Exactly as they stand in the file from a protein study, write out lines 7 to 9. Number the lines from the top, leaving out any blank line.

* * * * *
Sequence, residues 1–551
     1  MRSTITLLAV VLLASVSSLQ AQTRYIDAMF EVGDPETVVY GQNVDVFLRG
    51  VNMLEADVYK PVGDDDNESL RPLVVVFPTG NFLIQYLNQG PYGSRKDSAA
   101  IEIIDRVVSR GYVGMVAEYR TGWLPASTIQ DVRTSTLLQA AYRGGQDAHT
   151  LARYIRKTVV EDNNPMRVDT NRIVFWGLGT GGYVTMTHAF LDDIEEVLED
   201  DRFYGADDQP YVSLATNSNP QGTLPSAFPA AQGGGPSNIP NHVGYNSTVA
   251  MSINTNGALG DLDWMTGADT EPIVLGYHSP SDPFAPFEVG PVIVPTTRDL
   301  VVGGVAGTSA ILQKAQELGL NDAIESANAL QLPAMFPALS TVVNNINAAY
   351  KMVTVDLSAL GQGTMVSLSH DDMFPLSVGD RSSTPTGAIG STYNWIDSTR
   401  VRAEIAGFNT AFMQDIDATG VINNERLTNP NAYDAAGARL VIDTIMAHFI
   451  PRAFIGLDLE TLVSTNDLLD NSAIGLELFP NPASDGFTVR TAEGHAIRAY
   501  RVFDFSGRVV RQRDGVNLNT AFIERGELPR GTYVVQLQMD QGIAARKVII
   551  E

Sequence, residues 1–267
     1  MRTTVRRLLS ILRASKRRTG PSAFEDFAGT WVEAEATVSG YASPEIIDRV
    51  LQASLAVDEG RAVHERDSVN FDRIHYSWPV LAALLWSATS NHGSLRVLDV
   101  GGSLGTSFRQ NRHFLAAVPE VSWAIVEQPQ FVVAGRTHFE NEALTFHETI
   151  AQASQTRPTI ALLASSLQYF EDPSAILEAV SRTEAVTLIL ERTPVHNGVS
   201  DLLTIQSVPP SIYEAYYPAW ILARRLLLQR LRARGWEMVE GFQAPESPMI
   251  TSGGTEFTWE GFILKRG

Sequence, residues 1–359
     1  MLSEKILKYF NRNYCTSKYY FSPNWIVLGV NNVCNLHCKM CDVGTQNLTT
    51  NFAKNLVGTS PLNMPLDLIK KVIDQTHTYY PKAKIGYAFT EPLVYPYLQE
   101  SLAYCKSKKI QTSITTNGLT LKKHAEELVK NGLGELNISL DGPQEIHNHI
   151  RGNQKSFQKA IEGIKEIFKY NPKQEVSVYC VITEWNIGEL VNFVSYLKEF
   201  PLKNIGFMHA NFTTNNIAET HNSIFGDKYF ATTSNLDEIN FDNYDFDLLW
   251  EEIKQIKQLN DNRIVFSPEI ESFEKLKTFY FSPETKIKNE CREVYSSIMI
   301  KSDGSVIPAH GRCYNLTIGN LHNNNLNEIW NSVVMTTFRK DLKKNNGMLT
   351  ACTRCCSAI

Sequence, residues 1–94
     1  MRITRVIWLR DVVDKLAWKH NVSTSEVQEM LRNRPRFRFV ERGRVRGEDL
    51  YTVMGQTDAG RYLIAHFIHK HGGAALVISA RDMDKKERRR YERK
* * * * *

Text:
   251  MSINTNGALG DLDWMTGADT EPIVLGYHSP SDPFAPFEVG PVIVPTTRDL
   301  VVGGVAGTSA ILQKAQELGL NDAIESANAL QLPAMFPALS TVVNNINAAY
   351  KMVTVDLSAL GQGTMVSLSH DDMFPLSVGD RSSTPTGAIG STYNWIDSTR